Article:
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 Header Item Taxi Regulations (Continued)
 Header Item Ceisteanna - Questions
 Header Item Priority Questions
 Header Item Air Services Provision

Thursday, 20 December 2012

Dáil Éireann Debate
Vol. 787 No. 5

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(Speaker Continuing)

[Deputy Luke 'Ming' Flanagan: Information on Luke 'Ming' Flanagan Zoom on Luke 'Ming' Flanagan] That is a wonderful idea which should be executed. Before doing so, the Government should ensure there has been dialogue and consultation with everybody involved. I am sure the people to whom I have spoken have better things to do than ringing politicians; if everything was all right, they would not be doing that. They have concerns and the Minister of State's comments will not satisfy them. These people are seeking another six months so they can be properly briefed on this, with time for any issues causing significant problems to be dealt with.

After this is done, Fine Gael - the party of law and order - can ram the law down their throats. Is there any chance the Government will speak with the interested parties in the mean time? If it does so, the process will be right, everybody will be on board and it will be a success. The Minister of State should provide a chance for dialogue with the people involved.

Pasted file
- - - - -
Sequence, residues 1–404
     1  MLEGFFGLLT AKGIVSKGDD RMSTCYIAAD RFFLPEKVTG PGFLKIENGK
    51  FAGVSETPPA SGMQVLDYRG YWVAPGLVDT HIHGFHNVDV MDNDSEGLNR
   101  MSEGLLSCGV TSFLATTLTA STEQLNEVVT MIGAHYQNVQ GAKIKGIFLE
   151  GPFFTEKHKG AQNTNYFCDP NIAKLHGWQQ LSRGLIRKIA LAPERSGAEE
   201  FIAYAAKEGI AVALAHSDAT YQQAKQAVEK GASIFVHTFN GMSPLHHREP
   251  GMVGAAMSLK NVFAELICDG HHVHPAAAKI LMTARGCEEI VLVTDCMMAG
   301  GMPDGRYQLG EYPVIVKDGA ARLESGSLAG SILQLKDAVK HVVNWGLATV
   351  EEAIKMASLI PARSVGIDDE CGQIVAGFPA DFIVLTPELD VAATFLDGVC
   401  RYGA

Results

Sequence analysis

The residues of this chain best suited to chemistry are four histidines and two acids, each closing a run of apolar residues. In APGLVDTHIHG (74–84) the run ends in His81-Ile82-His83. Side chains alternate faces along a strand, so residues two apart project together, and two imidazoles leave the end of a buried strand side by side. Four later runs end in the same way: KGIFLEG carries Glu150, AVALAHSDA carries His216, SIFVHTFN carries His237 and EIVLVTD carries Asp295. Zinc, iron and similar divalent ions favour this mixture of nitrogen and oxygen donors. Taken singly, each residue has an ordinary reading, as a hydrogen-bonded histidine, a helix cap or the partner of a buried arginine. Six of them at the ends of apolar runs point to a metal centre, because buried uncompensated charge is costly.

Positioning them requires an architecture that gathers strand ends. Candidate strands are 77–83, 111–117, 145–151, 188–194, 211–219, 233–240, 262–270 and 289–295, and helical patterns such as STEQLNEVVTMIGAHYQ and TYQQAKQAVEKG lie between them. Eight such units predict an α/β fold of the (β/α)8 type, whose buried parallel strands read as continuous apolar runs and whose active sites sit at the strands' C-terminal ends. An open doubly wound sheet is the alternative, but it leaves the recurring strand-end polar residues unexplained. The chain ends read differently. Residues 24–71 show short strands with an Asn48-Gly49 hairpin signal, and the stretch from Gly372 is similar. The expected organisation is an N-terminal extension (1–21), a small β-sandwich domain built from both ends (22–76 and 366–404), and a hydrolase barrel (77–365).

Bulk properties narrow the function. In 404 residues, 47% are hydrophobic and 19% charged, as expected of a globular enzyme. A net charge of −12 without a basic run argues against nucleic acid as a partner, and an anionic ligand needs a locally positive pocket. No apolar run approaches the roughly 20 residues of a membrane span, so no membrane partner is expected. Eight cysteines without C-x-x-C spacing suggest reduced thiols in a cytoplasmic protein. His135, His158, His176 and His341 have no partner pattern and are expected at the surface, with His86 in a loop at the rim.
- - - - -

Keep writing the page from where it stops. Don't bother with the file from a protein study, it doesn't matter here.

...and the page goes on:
Deputy Alan Kelly: Information on Alan Kelly Zoom on Alan Kelly That started as a compliment but I do not know how it ended.

Deputy Luke 'Ming' Flanagan: Information on Luke 'Ming' Flanagan Zoom on Luke 'Ming' Flanagan It is Christmas, although I am an atheist.

Deputy Timmy Dooley: Information on Timmy Dooley Zoom on Timmy Dooley The Minister of State should be careful.

Deputy Alan Kelly: Information on Alan Kelly Zoom on Alan Kelly The last thing the Irish taxi industry needs is more time. Nobody has consulted more with the taxi industry and its drivers than I have. I get taxis all the time and I have met representatives of all the groups on multiple occasions. The taxi industry has many great people working in it but it is not an homogeneous group, and nothing I say will completely satisfy the entire group. We have consulted far and wide and met representatives, allowing for submissions. We formed a committee, which I chaired as intended. It met for a long time and formulated 46 recommendations. Within the laws that exist, which will be changed, and the regulations I have outlined, we have put forward many measures that will come through legislation. The most comprehensive taxi Bill in the history of the State will come before the Houses in January and there will be a reinforcement of regulations. With all those measures, we will change the industry substantially.